When Robots Appeal To Our Emotions

Inspired by the the famous Milgram obedience study, robotics professor Christoph Bartneck set out to test whether humans would hesitate to shut down an anthropomorphized computer, with the results seen in the video above. Alix Spiegel revisits the experiment’s findings:

At the end of the game, whether the robot was smart or dumb, nice or mean, a scientist authority figure modeled on Milgram’s would make clear that the human needed to turn the cat robot off, and it was also made clear to them what the consequences of that would be: “They would essentially eliminate everything that the robot was — all of its memories, all of its behavior, all of its personality would be gone forever.”

In videos of the experiment, you can clearly see a moral struggle as the research subject deals with the pleas of the machine. “You are not really going to switch me off, are you?” the cat robot begs, and the humans sit, confused and hesitating. “Yes. No. I will switch you off!” one female research subject says, and then doesn’t switch the robot off.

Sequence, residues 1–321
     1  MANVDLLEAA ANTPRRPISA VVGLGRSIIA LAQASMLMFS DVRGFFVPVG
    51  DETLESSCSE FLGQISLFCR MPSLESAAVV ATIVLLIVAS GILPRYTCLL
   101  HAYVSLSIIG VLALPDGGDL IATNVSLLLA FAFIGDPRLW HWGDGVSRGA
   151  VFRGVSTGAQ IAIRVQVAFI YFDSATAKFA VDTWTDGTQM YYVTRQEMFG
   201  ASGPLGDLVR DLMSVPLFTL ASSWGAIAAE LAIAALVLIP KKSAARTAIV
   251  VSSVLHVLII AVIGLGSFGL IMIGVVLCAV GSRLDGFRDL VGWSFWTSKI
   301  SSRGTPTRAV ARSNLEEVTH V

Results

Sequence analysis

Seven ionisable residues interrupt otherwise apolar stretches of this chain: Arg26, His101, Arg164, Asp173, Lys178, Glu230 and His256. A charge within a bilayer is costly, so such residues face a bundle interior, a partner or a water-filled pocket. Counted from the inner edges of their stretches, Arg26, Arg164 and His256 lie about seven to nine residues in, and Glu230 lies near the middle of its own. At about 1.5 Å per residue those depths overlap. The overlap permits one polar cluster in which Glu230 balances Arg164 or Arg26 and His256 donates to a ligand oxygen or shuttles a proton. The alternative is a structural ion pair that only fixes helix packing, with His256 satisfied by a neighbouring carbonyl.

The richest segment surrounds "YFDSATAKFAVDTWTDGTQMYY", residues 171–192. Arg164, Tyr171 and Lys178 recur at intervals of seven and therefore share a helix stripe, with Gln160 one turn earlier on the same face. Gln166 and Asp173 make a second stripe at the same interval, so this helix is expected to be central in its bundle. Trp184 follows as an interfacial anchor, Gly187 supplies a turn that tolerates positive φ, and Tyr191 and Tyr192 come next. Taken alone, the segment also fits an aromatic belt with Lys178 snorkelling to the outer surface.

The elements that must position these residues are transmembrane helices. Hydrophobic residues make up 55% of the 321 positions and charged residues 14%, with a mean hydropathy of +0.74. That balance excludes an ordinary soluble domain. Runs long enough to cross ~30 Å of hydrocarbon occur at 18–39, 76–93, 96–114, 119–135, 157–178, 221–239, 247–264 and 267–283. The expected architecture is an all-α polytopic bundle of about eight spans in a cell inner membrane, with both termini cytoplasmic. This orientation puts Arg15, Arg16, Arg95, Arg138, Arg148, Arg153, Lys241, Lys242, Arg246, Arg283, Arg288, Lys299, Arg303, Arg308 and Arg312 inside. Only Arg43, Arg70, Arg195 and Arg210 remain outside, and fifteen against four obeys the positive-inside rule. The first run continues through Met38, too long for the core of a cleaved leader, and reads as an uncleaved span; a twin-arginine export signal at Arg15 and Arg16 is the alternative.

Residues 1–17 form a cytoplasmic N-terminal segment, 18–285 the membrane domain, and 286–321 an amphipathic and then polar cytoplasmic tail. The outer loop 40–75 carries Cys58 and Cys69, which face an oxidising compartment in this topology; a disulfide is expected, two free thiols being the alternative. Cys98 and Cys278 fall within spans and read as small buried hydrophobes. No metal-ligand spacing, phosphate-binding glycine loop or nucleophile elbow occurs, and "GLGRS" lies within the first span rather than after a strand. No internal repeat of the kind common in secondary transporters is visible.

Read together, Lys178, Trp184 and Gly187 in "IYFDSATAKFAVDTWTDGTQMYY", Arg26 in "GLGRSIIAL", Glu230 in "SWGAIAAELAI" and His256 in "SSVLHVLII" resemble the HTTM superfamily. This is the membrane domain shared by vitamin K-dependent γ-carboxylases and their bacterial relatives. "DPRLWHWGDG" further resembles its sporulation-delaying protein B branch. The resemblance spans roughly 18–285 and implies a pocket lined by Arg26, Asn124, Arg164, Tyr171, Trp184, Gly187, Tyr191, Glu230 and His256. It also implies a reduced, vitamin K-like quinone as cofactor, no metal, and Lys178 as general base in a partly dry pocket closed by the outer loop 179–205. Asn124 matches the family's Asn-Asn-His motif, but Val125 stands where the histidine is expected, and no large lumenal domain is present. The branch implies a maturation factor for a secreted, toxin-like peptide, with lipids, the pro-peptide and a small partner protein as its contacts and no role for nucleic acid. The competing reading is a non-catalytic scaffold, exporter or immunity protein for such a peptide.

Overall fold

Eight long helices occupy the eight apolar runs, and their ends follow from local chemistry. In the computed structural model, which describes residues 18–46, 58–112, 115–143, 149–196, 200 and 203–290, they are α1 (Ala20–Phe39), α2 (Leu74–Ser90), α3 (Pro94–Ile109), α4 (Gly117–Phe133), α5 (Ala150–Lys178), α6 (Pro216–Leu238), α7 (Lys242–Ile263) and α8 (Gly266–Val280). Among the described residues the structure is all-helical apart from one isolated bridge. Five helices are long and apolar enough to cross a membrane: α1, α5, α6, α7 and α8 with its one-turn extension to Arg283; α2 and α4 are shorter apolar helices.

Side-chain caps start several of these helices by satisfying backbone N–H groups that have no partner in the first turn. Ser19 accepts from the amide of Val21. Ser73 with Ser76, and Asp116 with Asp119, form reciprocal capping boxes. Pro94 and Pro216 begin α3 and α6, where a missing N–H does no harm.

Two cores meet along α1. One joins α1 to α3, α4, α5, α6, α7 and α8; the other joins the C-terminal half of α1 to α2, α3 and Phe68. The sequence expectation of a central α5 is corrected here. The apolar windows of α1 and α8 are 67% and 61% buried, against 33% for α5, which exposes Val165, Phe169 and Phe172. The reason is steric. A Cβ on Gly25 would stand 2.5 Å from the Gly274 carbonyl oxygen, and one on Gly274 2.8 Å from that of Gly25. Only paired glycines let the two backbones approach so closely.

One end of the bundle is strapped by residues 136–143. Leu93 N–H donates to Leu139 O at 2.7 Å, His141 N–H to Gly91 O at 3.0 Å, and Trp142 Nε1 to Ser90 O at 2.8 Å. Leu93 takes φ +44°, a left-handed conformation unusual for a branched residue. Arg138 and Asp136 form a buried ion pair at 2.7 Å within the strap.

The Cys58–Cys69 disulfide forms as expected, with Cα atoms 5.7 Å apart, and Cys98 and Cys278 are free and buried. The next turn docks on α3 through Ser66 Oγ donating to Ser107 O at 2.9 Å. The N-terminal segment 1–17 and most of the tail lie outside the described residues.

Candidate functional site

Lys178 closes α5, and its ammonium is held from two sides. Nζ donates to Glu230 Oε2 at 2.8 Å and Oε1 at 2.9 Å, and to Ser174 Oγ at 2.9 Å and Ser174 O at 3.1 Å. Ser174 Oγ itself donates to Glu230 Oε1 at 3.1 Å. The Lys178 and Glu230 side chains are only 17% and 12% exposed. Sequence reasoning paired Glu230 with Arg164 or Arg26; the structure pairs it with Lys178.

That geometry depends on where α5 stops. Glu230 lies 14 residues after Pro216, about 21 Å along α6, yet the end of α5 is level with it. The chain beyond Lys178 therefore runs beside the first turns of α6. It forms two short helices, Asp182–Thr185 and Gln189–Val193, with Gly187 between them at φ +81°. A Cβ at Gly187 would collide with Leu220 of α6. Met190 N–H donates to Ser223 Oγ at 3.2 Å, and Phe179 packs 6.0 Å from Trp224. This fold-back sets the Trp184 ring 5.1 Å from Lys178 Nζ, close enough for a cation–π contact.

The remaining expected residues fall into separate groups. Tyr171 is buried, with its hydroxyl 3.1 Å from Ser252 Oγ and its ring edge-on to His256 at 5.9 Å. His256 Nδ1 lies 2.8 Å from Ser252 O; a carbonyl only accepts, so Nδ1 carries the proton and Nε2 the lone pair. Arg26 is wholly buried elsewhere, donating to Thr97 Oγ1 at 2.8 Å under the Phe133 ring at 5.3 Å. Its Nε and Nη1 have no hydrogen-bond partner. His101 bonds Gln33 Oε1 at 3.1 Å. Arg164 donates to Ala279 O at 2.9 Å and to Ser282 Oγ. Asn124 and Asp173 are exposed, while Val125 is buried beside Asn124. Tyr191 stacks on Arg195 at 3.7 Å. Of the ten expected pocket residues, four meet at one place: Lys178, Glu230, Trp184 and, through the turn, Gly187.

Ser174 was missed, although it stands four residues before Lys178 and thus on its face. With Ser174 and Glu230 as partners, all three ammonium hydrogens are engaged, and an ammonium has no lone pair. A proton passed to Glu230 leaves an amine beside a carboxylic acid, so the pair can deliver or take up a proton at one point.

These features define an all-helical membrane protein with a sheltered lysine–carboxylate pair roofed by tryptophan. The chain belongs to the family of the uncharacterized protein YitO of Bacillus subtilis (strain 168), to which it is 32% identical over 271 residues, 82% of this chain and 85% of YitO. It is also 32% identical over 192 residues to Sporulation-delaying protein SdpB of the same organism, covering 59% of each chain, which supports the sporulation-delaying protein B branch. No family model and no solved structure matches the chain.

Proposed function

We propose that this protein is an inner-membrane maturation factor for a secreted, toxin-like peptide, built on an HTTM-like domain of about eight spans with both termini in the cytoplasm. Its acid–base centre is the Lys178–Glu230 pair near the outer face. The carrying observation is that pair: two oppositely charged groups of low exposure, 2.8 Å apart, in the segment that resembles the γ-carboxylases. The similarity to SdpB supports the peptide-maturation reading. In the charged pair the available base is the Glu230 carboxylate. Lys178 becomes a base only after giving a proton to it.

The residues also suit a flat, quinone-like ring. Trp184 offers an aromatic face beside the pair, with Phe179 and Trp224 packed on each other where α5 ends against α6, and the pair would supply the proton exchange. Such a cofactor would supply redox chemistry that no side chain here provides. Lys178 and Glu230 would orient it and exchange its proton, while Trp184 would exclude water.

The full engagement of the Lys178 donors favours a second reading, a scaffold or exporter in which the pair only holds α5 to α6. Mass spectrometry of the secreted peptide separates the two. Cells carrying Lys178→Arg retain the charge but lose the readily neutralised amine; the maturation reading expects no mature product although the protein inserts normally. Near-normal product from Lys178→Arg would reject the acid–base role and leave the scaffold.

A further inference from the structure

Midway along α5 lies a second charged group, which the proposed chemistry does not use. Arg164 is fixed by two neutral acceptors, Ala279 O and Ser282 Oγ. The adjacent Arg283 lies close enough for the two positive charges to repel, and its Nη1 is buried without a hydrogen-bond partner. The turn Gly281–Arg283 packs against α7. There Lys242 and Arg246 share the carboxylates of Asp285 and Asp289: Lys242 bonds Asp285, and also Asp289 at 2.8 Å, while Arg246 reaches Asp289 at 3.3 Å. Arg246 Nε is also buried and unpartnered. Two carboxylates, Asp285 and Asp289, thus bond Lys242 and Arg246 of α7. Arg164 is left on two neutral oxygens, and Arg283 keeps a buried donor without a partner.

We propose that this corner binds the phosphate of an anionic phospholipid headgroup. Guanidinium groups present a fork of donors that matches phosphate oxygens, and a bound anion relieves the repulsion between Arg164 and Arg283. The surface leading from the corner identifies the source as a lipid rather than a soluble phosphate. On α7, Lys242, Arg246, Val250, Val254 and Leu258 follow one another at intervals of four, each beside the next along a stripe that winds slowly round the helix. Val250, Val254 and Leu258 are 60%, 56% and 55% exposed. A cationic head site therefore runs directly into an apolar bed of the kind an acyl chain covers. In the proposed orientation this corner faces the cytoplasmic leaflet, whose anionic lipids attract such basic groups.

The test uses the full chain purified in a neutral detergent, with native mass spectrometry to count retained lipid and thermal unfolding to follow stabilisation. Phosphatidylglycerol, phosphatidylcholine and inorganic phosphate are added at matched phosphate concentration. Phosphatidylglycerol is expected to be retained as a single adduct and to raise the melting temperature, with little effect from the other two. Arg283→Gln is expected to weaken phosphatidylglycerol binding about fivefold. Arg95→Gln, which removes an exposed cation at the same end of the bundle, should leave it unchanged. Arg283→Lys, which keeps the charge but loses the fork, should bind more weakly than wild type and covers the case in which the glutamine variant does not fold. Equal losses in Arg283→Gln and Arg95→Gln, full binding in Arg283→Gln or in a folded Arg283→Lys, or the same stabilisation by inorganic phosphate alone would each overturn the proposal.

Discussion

Relatedly, Scott Adams predicts that in the future “robots will be so human-like that the idea of decommissioning one permanently will literally feel like murder”:

I assume that robots of the future will have some form of self-preservation programming to keep them out of trouble. That self-preservation code might include many useful skill sets such as verbal persuasion – a skill at which robots would be exceptional, having consumed every book ever written on the subject. A robot at risk of being shut down would be able to argue his case all the way to the Supreme Court, perhaps with a human lawyer assisting to keep it all legal.A robot of the future might learn to beg, plead, bargain, and manipulate to keep itself in operation. The robot’s programming would allow it to do anything within its power – so long as it was also legal and ethical – to maintain its operational status.